So earlier this week, the world’s top gymnast, Simone Biles, pulled out of the team competition at the Olympics in Tokyo. She basically sited not a physical injury, but more of an emotional, mental state as the reason why she was backing out of the team competition. Biles decided on Wednesday that she couldn’t compete in the individual gymnastic events either, citing her mental health as the reason to pull out.
Apparently, the whole thing came about when she messed up on a jump or something. Look, I’ll be the first to admit, I’m not a huge Olympics fan, and certainly don’t know squat about gymnastics. I’ve heard of Simone Biles before, but that’s about as far as it goes. But from what I can piece together without spending hours in front of the television, she blew a jump or a dismount or something and something inside her snapped. She decided for her sanity to back away.
I get it that she was under tremendous pressure to perform, and had literally the weight of the world watching on her shoulders. But she is the one that chose this path. I didn’t tell her to do this and neither did you. She’s the one that got up at 4am to train every day. She’s the one that has risen to the top of her “profession”, if you can call gymnastics a profession. And she had a whole team, nay, a whole country riding on her abilities to exceed and bring home the gold.
People have asked me this week why I’m not into the Olympics. Fair question. Actually I’m to the point where the Olympics has become this quadrennial event where, like with the NBA, and MLB, you’re getting politics thrown into the mix. Politics and sports don’t mix, period. I don’t care what any sports figure thinks about politics, just like I don’t care what any politician thinks about sports. The two don’t go together any better than ketchup and peanut butter. And frankly, I get tired of seeing these athletes, thinking that they need to celebrate this cause by kneeling during the awards ceremony, or the national anthem at their games. That’s just garbage. You are at the friggin’ Olympics. You are representing your country. And if you’re not able to do that proudly, go home.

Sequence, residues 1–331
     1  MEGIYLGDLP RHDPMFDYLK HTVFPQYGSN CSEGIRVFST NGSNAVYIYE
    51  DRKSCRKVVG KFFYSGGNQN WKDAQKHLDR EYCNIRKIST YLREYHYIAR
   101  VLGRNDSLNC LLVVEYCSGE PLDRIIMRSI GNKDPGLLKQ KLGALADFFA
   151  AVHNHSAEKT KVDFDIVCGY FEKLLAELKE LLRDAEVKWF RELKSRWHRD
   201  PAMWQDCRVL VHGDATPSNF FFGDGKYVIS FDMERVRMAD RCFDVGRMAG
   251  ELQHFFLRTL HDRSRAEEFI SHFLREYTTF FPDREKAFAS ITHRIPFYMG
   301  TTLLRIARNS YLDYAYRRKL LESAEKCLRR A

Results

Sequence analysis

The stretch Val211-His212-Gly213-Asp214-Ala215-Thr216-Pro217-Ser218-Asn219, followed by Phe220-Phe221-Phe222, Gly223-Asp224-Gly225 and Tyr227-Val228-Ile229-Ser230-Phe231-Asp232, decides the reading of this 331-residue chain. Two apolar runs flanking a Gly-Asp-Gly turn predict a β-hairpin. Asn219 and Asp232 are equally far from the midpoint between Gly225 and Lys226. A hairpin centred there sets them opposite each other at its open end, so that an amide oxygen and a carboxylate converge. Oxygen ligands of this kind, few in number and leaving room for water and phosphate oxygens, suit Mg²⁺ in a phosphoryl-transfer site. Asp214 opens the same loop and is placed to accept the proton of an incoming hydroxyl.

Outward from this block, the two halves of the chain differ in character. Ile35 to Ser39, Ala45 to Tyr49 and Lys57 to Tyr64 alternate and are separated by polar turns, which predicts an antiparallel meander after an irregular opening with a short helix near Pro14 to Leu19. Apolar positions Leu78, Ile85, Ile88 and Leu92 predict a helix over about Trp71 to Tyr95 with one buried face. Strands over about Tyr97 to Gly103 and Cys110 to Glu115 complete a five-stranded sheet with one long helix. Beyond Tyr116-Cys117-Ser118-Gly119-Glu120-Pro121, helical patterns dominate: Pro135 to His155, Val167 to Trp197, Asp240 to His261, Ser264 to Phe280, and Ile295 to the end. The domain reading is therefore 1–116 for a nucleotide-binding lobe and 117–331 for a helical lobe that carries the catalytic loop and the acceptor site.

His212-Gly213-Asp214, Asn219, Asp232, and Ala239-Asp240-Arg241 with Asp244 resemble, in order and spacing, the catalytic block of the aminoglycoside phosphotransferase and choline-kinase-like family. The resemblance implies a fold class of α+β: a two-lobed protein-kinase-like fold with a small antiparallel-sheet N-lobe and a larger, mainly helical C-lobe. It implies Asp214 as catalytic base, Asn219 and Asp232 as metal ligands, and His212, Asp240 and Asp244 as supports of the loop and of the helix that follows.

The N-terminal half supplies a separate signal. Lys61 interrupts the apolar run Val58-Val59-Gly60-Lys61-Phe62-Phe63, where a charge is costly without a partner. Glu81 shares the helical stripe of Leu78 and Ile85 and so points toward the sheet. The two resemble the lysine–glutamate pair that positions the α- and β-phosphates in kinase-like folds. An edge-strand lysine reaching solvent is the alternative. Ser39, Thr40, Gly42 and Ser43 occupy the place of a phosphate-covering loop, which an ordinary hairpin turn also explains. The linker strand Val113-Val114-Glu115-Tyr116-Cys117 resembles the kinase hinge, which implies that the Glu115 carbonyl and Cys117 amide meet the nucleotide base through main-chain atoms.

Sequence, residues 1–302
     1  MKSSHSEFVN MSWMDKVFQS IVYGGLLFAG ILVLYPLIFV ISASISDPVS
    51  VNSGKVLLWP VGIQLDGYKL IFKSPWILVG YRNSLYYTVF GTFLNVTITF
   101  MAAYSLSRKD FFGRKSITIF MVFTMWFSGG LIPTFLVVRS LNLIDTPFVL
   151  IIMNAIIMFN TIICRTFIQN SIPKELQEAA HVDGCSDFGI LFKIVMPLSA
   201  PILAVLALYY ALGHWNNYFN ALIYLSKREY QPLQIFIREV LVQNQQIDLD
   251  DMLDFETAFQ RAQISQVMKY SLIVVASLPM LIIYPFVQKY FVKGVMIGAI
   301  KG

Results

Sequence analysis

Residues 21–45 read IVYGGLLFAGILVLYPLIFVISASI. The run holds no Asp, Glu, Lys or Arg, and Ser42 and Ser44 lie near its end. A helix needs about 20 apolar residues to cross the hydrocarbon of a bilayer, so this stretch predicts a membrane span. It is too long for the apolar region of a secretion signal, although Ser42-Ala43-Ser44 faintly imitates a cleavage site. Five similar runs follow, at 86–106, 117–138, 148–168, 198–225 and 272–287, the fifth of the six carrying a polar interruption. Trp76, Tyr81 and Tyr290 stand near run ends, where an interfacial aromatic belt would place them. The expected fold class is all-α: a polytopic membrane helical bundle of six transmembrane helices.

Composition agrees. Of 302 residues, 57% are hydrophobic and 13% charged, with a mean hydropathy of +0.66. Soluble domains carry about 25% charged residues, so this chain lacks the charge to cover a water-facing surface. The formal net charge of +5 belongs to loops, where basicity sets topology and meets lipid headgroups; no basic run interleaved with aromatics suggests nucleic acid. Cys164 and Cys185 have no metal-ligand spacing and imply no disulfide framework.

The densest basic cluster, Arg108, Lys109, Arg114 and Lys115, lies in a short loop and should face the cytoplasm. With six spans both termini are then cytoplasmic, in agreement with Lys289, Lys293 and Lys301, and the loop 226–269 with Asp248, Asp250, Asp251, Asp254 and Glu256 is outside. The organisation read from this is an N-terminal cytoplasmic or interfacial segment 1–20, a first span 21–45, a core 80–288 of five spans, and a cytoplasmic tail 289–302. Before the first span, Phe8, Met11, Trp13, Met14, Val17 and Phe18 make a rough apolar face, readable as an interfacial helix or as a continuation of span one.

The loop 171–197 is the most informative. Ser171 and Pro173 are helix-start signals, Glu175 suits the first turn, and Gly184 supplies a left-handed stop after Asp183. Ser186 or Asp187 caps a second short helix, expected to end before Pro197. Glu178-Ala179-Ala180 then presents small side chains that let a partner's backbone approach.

That’s not the case with Simone Biles. She snapped. All of the pressure came to bear on her at the worst possible time, I get that. But to turn your back on your teammates that were counting on you to help them to victory is not a team player. It would have been different if she were physically unable to perform, if she sprained an ankle or something, I get that. Mary Lou Retton even performed with her ankle all taped up, remember? This wasn’t close to that. If mentally you’re not prepared to handle the pressure and the scrutiny of the task, you shouldn’t be there. To back out during the competition is like Michael Jordon walking off the court in game 7 of the NBA Finals in the fourth quarter of a tied game. Real winners fight through the pain, either physical or mental. You never see true star athletes back away.
Now, I realize this isn’t going to be the most popular blog I’ve written, and to be honest, I’ve thought about it for a few days before writing this. I’m certainly not the most qualified person to be writing this either. And while the rest of the world cheers Biles for her “fortitude” in coming to bear with the pressure or the mental state she’s in, I have to take a different stance. You don’t quit at the highest level of your sport when it’s all on the line. She did.
Carry on world…you’re dismissed!